Hello again, sweet friends!
I pray these words find you aching towards Christ, and seeing Him respond in His grace and mercy.
I have had a thought so many times in this past year that I wanted to share with you. It’s a truth that has been lurking in the background of so many of my posts in the past, but has never been more clear to me as it is now.
If sex is the problem, then it’s the not the issue.
If your marriage bed is what is causing you the most angst and tears, then I can promise you that it, in itself, is not the issue.
“So what is the issue?”, you may ask.
I hate to say I don’t know, but I don’t.
It could be some tangible sexual sin (and the things your heart may fear the most) – a pornography addiction or the devastation of adultery. It could be some tangible non-sexual sin – a gambling or gaming addiction, financial embezzlement, alcoholism.
These sins are the ones that our minds most often jump towards, these are the ones that haunt our dreams.
But there are other sins that can be the issue.
Self-centerdness. Silence. Pride.
Perhaps the issue is something else entirely. The root isn’t always sin.
There could be a history of sexual abuse. There could be other personality or history challenges affecting sexual desire or identity. It could be that there is a sense of shame around sex due to their family or some other circumstance. Perhaps there is an incorrect theology or philosophy of sex.
And then, of course, there is the whole realm of physical.
(As an aside, I wrote about whether your husband’s lower sex drive is your fault in the blog posts here and here)
My sweet sisters – we are complicated beings. Often the actual issues will be multi-faceted, layers of several different areas. Often your spouse won’t even begin to know themselves well enough to identify the what or why of sexual refusal. Even if it is something “obvious”, like a pornography addiction or office romance – the why behind the action is tied to deep heart wounds that a “quick fix” (read, internet safety software or moving to another town) won’t get at.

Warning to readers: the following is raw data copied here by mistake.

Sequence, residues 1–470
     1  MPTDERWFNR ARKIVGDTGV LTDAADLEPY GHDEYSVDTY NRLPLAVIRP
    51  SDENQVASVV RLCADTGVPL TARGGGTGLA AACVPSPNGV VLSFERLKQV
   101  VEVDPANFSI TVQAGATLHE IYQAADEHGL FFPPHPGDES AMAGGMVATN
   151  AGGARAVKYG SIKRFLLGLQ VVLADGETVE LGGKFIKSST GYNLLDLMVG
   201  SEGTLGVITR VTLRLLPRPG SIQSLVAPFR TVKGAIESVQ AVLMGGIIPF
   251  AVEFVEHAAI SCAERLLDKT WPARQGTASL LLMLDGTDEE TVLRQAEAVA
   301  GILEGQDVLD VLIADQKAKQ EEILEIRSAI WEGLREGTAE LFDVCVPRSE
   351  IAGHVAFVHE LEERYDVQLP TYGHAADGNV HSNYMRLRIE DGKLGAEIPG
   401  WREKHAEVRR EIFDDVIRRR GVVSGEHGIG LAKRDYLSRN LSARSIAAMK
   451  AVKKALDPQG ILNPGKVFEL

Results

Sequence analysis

So what are we to do about this?
Be aware. Often we have such a short-sighted view of our husband’s struggles (and our own!). Whatever they are, just know that there are layers you can’t see. Know that there are layers even he can’t see. Especially if he wasn’t raised to be self-aware, or has never had the language of the heart taught to him.
Be patient. This one is hard. Hard, hard, hard, hard. It doesn’t come naturally. It’s why it’s a fruit of His Spirit in us. Because we can’t contrive it, we can’t grow it, we can’t manufacture it and we can’t fake it. Be patient with his journey. Be patient with your own. Be patient with the journey you are on together.
Seek help. This is one of the most vital pieces. Listen to me, friends. You can’t do this alone. You both could probably benefit from counseling. Even if he won’t go – you go. You go for you. The church is Christ’s body, and it is wonderful. But sometimes a pastor isn’t enough. Prayer alone sometimes isn’t enough (I know, it is sacrilege to write). You or he may need psychological assistance. Or physical.
Find community. Finding friend’s is one of life’s greatest joys. Not the sort of friends you spill your husband’s secrets and faults to. Not gossip-driven women who are a shame to Christ’s name. I mean friends who will let you cry without needing to know why. I mean friends who will pray for you when you text them and ask. Find them in your church. Find them online. Pray for them. Open your eyes to women outside your usual circle of age, race, demographic, denomination. We are not meant to journey alone. Even leaving a comment here can be a place to start.
Pray. Yes, I know I just said that prayer alone sometimes isn’t enough. But I do fervently believe in the power of prayer. Prayer doesn’t change our circumstances as much as it changes us. If you haven’t ever experienced the power of a prayer-life centered on Christ, go find a book by Thomas Keating or J. David Muyskens and read it. This is the magnet, friends, that pulls our hearts towards Christ.
From here on out, will you make me a promise?
When your marriage bed is suffering – when it is lacking, when it is a place of hurt rather than healing – will you ask yourself what is the real issue here?
Because it isn’t just sex.
Under the Mercy,
(praying you are as well)